As Chuck Turner, Director of the Center for Community Action in Roxbury, says in “Standing Our Ground,” “The question is, how does community development enhance human development? Does the building of a new structure necessarily contribute to people’s feeling a renewed confidence in their own ability and creative potential and future in their neighborhood?”

Note: This essay about Standing Our Ground and Branfman’s work with the Coalition for Community Control of Development was originally written around 1989.


 

Image of Mel King and Chuck Turner, used for eventLearn more about Transforming a City: Honoring Boston’s Visionaries, an event being held on Saturday, October 19, that will bring people together from all over Boston to celebrate the lives and legacy of Mel King and Chuck Turner. Reserve tickets here.



About Judy Branfman

Judy Branfman, Research Affiliate with the UCLA Institute for Research on Labor and Employment, is a documentary filmmaker, activist, and independent scholar based in Los Angeles. She is working on a documentary, The Land of Orange Groves & Jails, and book on the precedent-setting court case, Stromberg v California. Since 1980 Judy has worked with non-profit organizations, cultural projects, labor unions, and municipalities doing outreach and education, media, and project development and coordination. She has taught Los Angeles history courses at UCLA – and produced large community-based events focusing on LA’s multi-ethnic, labor history.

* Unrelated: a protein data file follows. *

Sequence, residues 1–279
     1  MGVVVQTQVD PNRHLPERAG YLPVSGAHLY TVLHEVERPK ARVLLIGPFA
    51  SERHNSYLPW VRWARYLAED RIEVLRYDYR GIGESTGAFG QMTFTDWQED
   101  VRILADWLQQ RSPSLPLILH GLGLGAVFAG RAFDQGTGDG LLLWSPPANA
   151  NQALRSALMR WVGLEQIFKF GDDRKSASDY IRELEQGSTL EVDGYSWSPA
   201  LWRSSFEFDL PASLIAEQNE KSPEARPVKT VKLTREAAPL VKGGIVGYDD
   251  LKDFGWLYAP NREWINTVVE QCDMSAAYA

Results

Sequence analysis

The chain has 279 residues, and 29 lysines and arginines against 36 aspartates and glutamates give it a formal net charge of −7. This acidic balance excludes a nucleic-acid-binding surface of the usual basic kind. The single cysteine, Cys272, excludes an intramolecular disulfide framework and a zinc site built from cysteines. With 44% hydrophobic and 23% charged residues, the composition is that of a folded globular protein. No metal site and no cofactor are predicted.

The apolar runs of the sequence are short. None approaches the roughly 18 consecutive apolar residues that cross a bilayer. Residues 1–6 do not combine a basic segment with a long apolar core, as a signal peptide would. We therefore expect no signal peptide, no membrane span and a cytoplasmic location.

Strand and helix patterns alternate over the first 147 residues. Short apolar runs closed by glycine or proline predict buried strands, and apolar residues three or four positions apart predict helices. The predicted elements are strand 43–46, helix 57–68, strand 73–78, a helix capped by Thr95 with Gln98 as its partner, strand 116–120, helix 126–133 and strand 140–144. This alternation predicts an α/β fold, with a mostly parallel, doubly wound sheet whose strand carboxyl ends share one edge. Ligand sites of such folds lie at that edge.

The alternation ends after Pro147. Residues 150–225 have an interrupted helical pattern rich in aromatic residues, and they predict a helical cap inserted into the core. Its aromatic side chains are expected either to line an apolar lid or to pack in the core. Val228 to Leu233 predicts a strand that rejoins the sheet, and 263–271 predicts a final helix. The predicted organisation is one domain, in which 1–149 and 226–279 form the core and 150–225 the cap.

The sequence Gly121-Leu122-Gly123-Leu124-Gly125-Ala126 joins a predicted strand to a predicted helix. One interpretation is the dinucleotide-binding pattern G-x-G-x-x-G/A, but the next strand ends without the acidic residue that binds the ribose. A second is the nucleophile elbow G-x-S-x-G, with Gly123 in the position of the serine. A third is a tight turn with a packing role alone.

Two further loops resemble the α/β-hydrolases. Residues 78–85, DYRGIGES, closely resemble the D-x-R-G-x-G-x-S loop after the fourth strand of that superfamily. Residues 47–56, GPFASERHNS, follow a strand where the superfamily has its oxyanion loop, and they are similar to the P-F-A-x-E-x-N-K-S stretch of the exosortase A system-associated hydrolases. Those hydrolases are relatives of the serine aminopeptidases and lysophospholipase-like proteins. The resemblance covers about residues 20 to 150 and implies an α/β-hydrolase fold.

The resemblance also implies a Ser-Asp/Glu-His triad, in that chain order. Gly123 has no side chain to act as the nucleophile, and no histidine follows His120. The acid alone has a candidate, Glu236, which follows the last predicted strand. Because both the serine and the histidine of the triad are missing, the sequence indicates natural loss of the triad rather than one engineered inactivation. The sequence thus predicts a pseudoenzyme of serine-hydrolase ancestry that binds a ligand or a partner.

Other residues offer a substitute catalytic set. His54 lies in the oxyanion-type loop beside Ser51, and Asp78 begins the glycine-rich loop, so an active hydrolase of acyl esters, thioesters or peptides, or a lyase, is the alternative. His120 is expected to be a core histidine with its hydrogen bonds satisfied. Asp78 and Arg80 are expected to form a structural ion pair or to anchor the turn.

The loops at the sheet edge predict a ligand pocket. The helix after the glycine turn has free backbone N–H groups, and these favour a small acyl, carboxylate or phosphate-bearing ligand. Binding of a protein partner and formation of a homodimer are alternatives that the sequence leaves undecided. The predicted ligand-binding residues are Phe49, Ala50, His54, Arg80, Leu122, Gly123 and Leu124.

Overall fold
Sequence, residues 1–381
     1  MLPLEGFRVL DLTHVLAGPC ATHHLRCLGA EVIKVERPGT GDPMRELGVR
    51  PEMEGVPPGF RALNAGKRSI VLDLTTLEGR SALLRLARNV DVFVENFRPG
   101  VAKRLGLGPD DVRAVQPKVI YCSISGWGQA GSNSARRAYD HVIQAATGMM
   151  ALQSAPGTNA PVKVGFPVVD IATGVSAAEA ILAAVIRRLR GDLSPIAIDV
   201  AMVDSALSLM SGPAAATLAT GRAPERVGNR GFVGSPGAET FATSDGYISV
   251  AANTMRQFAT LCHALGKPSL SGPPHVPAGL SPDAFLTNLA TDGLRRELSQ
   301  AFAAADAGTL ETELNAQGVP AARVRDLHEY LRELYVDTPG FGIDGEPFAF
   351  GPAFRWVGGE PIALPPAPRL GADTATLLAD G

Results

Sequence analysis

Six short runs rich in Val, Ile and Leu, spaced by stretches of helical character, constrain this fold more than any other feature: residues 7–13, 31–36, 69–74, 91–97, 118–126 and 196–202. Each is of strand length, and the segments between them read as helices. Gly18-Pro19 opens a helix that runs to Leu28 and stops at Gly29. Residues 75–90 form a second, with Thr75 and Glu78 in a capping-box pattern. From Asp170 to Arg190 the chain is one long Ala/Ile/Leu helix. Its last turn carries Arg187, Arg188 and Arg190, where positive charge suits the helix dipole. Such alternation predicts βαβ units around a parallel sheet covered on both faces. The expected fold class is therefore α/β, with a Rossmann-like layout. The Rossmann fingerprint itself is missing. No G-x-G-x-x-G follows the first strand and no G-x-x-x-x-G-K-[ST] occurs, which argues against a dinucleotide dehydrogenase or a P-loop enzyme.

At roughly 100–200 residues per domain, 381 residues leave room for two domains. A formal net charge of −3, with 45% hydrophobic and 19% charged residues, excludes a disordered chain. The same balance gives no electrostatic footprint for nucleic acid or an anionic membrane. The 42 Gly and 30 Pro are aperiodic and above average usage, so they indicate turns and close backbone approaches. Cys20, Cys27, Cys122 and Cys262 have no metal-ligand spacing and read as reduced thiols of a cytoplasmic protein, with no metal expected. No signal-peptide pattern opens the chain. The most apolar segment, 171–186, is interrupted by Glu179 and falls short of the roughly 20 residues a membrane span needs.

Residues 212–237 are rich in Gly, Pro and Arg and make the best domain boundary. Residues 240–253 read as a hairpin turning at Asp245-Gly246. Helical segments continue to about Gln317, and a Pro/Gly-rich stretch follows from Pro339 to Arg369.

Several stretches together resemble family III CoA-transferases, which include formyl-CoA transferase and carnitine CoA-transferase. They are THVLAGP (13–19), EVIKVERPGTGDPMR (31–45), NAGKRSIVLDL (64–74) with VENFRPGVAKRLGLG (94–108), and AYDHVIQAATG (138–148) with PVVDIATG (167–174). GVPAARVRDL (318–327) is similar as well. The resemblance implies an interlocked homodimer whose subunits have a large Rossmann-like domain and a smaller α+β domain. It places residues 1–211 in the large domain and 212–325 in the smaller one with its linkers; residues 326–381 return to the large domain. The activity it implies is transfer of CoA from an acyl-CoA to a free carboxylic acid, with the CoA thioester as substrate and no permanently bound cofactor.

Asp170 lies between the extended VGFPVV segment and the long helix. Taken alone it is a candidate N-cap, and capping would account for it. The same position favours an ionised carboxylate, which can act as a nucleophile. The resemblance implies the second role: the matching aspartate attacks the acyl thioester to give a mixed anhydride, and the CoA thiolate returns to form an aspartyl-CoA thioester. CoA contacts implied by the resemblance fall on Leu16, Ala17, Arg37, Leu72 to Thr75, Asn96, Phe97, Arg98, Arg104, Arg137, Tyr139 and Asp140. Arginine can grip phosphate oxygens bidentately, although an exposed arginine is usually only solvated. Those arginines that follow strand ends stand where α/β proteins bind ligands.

University Archives and Special Collections in the Joseph P. Healey Library at UMass Boston collects materials related to the university’s history, as well as materials that reflect the institution’s urban mission and strong support of community service, notably in collections of records of urban planning, social welfare, social action, alternative movements, community organizations, and local history related to neighboring communities.

University Archives and Special Collections welcomes inquiries from individuals, organizations, and businesses interested in donating materials of an archival nature that that fit within our collecting policy. These include manuscripts, documents, organizational archives, collections of photographs, unique publications, and audio and video media. For more information about donating to University Archives and Special Collections, click here or email library.archives@umb.edu.

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Grossmann Gallery hosts exhibit documenting U.S. soldiers who opposed the Vietnam War

Waging Peace FlyerWaging Peace in Vietnam: U.S. Soldiers and Veterans Who Opposed the War, hosted in collaboration with the William Joiner Institute, is now on display through September 22, 2019, in the Joseph P. Healey Library at UMass Boston. Organized by Ron Carver of the Institute for Policy Studies in Washington, D.C., the traveling exhibition has been exhibited in Vietnam and at the Kroc Institute for Peace Studies at Notre Dame and will visit UMass Amherst and Washington, D.C. later this fall.